1. Limited time only! Sign up for a free 30min personal tutor trial with Chegg Tutors
    Dismiss Notice
Dismiss Notice
Join Physics Forums Today!
The friendliest, high quality science and math community on the planet! Everyone who loves science is here!

If photons have no charge then how

  1. Apr 14, 2015 #1
    do they deflect / accelerate electrons in an antenna?

    For an electron to accelerate it has to experience an electric field or changing magnetic field.

    What I can tell from the standard model a photon carries no charge = no electric field.

    Further a classic EM wave is defined by an E vector giving the magnitude of the E field, EM waves are photons which have no charge therefore no E field - what gives?

    Obviously EM waves can accelerate electrons in antennas, I used a WiFi link to post this.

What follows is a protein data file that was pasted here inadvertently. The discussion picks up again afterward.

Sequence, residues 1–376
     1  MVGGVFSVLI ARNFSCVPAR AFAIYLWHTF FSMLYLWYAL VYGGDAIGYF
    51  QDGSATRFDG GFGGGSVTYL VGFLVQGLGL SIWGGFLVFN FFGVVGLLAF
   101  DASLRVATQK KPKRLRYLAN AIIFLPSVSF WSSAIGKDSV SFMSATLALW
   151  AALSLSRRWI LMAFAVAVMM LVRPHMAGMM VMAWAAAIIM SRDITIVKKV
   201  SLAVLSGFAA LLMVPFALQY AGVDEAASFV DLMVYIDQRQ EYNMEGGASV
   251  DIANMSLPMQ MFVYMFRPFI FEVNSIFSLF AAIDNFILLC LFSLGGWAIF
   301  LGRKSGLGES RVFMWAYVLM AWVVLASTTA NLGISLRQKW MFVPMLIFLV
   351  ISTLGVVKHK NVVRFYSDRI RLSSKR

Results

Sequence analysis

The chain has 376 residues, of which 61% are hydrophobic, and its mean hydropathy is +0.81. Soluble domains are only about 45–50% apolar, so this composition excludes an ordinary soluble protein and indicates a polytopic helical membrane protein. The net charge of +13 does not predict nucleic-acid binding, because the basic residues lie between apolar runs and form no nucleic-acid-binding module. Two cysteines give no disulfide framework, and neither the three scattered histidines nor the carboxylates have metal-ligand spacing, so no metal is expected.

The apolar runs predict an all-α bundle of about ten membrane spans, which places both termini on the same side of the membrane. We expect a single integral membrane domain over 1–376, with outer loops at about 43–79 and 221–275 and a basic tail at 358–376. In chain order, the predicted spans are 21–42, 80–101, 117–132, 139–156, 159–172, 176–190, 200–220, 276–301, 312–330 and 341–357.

How have I messed these ideas up.

    Apologies if this has been answered before or if it is a dumb question.
     
  2. jcsd
  3. Apr 14, 2015 #2

    A.T.

    User Avatar
    Science Advisor
    Gold Member

    Zero charge merely means that photons are not affected by external electric fields.
     
  4. Apr 14, 2015 #3
    1. then how is an E vector defined in an EM wave.

    2. what other forces act on an electron beside an E, M and EM force

    3. what force type is the photon imparting to the electron's mass to make it accelerate.
     
  5. Apr 14, 2015 #4
    Hello Houlahound,

    Introduction:
    A photon is a "packet" or quanta of electromagnetic radiation. It is the particle-like description of the electromagnetic wave.